There will always be, however, numerous challenges on the horizon.

We must continue the reduction of the pending caseload. Once matters come within our purview, their expeditious movement through our system becomes our problem. We have taken a multi-faceted approach to find solutions.

First, with your authorization of additional judges, a separate Civil Complex Litigation docket has been added in five strategic locations (New Britain, Stamford, Waterbury, Norwich and Tolland). This initiative allows actions that involve multiple parties and extensive first impression issues to be removed from the pending civil caseload and treated separately, with the necessary close judicial supervision. Their removal further allows the regular Civil docket to continue on to trial and disposition without interruption. Second, we have begun the implementation of recommendations from the Civil Commission, which was established last year to improve the process for adjudication of civil cases. Issues such as Short Calendar motion procedures are being addressed, and the hope is that the outcome of this committee's work will be to make the lives of parties to litigation and the practicing attorneys a bit easier.

In the Criminal area, an initiative was undertaken last year to attack the backlog of pending murder cases in our busiest Judicial Districts. A substantial number of additional judges and resources were deployed into those criminal courts, first in Hartford, and then into New Haven and Bridgeport. The result was a substantial decrease in the number of our most serious criminal cases. I am pleased to note that there has been no significant increase since that time. To further improve the process for adjudication of criminal cases, I have recently established the Criminal Commission. Its fifteen members, consisting of practicing private attorneys, judges, prosecutors, and public defenders will be in a position to make knowledgeable recommendations as to procedure changes as well as rule and statutory changes so as to make our courts more amenable to the litigants and attorneys who use them.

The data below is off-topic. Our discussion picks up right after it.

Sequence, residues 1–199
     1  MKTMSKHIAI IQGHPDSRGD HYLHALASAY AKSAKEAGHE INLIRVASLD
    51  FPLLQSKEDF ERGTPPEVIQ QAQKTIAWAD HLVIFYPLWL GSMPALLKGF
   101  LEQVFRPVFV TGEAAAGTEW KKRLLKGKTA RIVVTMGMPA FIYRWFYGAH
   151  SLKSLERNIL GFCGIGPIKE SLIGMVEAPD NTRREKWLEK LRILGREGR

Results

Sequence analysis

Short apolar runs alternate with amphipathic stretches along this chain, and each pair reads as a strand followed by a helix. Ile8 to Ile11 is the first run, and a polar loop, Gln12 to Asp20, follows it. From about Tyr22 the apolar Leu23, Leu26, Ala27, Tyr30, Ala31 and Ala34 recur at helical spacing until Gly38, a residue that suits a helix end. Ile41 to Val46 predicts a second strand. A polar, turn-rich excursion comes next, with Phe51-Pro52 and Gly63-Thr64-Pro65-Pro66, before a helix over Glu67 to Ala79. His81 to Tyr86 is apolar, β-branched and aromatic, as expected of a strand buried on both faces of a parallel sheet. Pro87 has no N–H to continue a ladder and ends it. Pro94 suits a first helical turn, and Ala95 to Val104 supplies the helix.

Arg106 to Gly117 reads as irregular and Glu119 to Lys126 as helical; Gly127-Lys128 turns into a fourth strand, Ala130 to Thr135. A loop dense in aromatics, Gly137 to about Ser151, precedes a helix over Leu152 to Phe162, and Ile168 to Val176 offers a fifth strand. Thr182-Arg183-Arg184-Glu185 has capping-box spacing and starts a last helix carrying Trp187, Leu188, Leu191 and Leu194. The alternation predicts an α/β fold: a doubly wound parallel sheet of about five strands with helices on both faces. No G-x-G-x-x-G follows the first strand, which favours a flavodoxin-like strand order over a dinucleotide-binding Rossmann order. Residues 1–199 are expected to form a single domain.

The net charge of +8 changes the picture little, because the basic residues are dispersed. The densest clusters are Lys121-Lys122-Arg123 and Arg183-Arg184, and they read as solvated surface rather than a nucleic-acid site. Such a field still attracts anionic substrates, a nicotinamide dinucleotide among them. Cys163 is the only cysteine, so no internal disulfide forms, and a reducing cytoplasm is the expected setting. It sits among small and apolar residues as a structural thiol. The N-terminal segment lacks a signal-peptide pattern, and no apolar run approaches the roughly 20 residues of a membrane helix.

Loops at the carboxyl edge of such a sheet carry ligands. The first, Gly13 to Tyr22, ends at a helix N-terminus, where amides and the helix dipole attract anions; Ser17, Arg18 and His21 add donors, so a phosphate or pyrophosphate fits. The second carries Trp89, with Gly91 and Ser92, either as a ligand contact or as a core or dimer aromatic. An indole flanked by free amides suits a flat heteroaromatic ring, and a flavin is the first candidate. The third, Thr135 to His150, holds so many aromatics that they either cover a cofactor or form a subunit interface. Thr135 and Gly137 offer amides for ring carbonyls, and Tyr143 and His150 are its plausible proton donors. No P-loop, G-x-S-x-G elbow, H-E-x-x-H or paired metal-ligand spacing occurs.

We must continue to respond to the needs of Connecticut's crime victims. Our Office of Victim Services provides financial compensation, information and referrals, and victim assistance. The Branch remains committed to guaranteeing the rights of victims, and recognizes that society's increasing awareness of their position in the criminal justice system will inevitably lead to a greater demand for our services.

We must continue to develop innovative responses to meet the growing demand in the juvenile justice area. We have expanded our juvenile alternative sanctions programs in community-based day and residential programs. We have juvenile justice centers in 12 communities that link juveniles and their families with existing local services. We have court-based assessment centers to provide sufficient information so that a judge can determine the best possible placement for a child. We have greater availability than ever of outpatient substance abuse and mental heath treatment services. But we only have to read a newspaper or listen to a newscast to know that more must be done for our at-risk children.

To accomplish all that we must, we need to make use of the technological advances within our grasp. In the world of the Internet, the web, the e-everything, to stand still is to lose ground. Technology is not an end in itself, but a tool to perform our responsibilities quicker and better. We will continue to use every one of the tools at our disposal.

As I carry on my stewardship, I thank you again, on behalf of the Judicial Branch for your considerable support. I am confident that as we go forward into this next century, we can continue to rely on your thoughtful deliberation of our needs and the financial support to meet them.